Succession to the British throne

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The Sovereign's Throne in the House of Lords, from which the speech is delivered at State Openings of Parliament Sovereign's Throne.jpg
The Sovereign's Throne in the House of Lords, from which the speech is delivered at State Openings of Parliament

Succession to the British throne is determined by descent, sex (for people born before October 2011), legitimacy, and religion. Under common law, the Crown is inherited by a sovereign's children or by a childless sovereign's nearest collateral line. The Bill of Rights 1689 and the Act of Settlement 1701 restrict succession to the throne to the legitimate Protestant descendants of Sophia of Hanover who are in "communion with the Church of England". [1] Spouses of Roman Catholics were disqualified from 1689 until the law was amended in 2015. Protestant descendants of those excluded for being Roman Catholics are eligible. [2]

Common law Law developed by judges

In law, common law is that body of law derived from judicial decisions of courts and similar tribunals. The defining characteristic of “common law” is that it arises as precedent. In cases where the parties disagree on what the law is, a common law court looks to past precedential decisions of relevant courts, and synthesizes the principles of those past cases as applicable to the current facts. If a similar dispute has been resolved in the past, the court is usually bound to follow the reasoning used in the prior decision. If, however, the court finds that the current dispute is fundamentally distinct from all previous cases, and legislative statutes are either silent or ambiguous on the question, judges have the authority and duty to resolve the issue. The court states an opinion that gives reasons for the decision, and those reasons agglomerate with past decisions as precedent to bind future judges and litigants. Common law, as the body of law made by judges, stands in contrast to and on equal footing with statutes which are adopted through the legislative process, and regulations which are promulgated by the executive branch. Stare decisis, the principle that cases should be decided according to consistent principled rules so that similar facts will yield similar results, lies at the heart of all common law systems.

Bill of Rights 1689 Act of the English Parliament guaranteeing certain rights

The Bill of Rights, also known as the English Bill of Rights, is an Act of the Parliament of England that sets out certain basic civil rights and clarifies who would be next to inherit the Crown. It received the Royal Assent on 16 December 1689 and is a restatement in statutory form of the Declaration of Right presented by the Convention Parliament to William III and Mary II in February 1689, inviting them to become joint sovereigns of England. The Bill of Rights lays down limits on the powers of the monarch and sets out the rights of Parliament, including the requirement for regular parliaments, free elections, and freedom of speech in Parliament. It sets out certain rights of individuals including the prohibition of cruel and unusual punishment and reestablished the right of Protestants to have arms for their defence within the rule of law. It also includes no right of taxation without Parliament’s agreement. Furthermore, the Bill of Rights described and condemned several misdeeds of James II of England.

Act of Settlement 1701 Former United Kingdom law disqualifying Catholic monarchs

The Act of Settlement is an Act of the Parliament of England that was passed in 1701 to settle the succession to the English and Irish crowns on Protestants only. The next Protestant in line to the throne was the Electress Sophia of Hanover, a granddaughter of James VI of Scotland and I of England. After her the crowns would descend only to her non-Roman Catholic heirs.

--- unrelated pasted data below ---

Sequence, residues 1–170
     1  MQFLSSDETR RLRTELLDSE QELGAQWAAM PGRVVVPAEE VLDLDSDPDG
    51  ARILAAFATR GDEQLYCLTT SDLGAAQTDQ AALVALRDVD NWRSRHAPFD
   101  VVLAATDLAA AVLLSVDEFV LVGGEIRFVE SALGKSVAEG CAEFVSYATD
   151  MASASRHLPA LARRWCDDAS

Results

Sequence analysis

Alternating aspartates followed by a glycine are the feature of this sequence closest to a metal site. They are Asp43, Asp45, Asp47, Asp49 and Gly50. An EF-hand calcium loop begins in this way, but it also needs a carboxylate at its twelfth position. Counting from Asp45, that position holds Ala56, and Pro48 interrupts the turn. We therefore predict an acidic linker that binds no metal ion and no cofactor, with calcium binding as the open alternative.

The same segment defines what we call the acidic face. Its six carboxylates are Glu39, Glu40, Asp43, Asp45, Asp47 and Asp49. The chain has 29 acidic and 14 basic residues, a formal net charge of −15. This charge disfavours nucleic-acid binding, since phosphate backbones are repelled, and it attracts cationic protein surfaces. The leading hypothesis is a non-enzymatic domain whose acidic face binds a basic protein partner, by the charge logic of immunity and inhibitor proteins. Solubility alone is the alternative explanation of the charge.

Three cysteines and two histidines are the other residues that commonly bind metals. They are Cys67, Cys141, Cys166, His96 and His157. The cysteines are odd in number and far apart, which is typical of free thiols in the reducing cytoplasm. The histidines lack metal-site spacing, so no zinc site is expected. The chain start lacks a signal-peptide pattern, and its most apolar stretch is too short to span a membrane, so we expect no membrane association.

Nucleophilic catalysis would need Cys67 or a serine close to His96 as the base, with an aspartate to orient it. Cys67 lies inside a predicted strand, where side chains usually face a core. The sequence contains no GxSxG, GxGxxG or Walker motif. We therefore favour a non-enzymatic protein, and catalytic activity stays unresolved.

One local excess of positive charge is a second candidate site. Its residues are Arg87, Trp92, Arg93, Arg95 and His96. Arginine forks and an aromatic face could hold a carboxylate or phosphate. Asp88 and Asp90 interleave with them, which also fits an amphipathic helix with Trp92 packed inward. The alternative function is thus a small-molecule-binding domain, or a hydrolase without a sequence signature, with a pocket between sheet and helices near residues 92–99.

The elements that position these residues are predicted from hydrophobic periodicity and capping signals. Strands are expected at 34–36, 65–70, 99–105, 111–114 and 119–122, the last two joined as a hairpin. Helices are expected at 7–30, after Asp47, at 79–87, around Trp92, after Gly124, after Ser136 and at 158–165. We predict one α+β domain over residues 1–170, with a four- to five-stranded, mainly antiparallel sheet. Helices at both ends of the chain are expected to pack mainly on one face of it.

Contents

Queen Elizabeth II is the sovereign, and her heir apparent is her eldest son, Charles, Prince of Wales. Next in line after him is Prince William, Duke of Cambridge, the Prince of Wales's elder son. Third in line is Prince George, the eldest child of the Duke of Cambridge, followed by his sister, Princess Charlotte and younger brother, Prince Louis. Sixth in line is Prince Harry, Duke of Sussex, the younger son of the Prince of Wales. Under the Perth Agreement, which came into effect in 2015, only the first six in line of succession require the sovereign's consent before they marry; without such consent, they and their children would be disqualified from succession.

Elizabeth II Queen of the United Kingdom and the other Commonwealth realms

Elizabeth II is Queen of the United Kingdom and the other Commonwealth realms.

An heir apparent or heiress apparent is a person who is first in a line of succession and cannot be displaced from inheriting by the birth of another person. An heir presumptive, by contrast, is someone who is first in line to inherit a title but who can be displaced by the birth of a more eligible heir.

Charles, Prince of Wales Son of Queen Elizabeth II of the United Kingdom

Charles, Prince of Wales is the heir apparent to the British throne as the eldest child of Queen Elizabeth II. He has been Duke of Cornwall and Duke of Rothesay since 1952, and is the oldest and longest-serving heir apparent in British history. He is also the longest-serving Prince of Wales, having held that title since 1958.

The first four individuals in the line of succession who are over 21, and the sovereign's consort, may be appointed Counsellors of State. Counsellors of State perform some of the sovereign's duties in the United Kingdom while he or she is out of the country or temporarily incapacitated. Otherwise, individuals in the line of succession need not have specific legal or official roles.

In the United Kingdom, Counsellors of State are senior members of the British Royal Family to whom the monarch, currently Elizabeth II, delegates certain state functions and powers when not in the United Kingdom or unavailable for other reasons. Any two Counsellors of State may preside over Privy Council meetings, sign state documents, or receive the credentials of new ambassadors to the United Kingdom of Great Britain and Northern Ireland.